reviewed Cass McMain's first two books. They're great. As a fellow writer, I admire her ability to create relatable characters living simple lives. What McMain is genius at is transforming the ordinary into the profound.
To say I was rooting for the characters in Gringo would be an understatement. The fury I felt when the bar manager insists on a uniform change was the kind of anger I generally reserve for actual things happening in my real life. That is how good the author is at building tension and making you invested.
Main character Daniel works nights and sleeps days and manages to have little time for much else. A temporary schedule change, along with the neighbor's barking dog, deprive him of sleep. His unlikely friendship with the elderly neighbor seems to provide the human connection he hadn't realized he was lacking. He's spent the last few years hiding out, licking his wounds after a break up. It turns out he and Ellie have something in common: they're both so stuck in the past that the passage of time has become difficult to gauge.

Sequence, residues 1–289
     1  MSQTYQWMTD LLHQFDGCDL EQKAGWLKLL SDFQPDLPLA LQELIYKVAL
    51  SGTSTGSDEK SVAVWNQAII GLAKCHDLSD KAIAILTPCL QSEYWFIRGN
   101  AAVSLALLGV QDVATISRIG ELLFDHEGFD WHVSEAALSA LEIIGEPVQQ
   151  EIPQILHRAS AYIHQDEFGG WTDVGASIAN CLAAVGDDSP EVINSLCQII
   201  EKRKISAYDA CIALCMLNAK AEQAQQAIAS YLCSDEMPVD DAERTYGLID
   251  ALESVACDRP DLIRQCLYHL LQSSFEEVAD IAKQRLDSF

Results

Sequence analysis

The ending is clever and will make you want to go back and reread the whole novel. Don't worry if you don't get it right away; just be assured it does all make sense. It's not a case of the author painting herself into a corner and throwing up her hands. I hesitate to explain too much because I think figuring it out is half the fun.
(We can discuss spoilers in the comments.)
I enjoyed every moment of this read and raced through it. I highly recommend picking up a copy.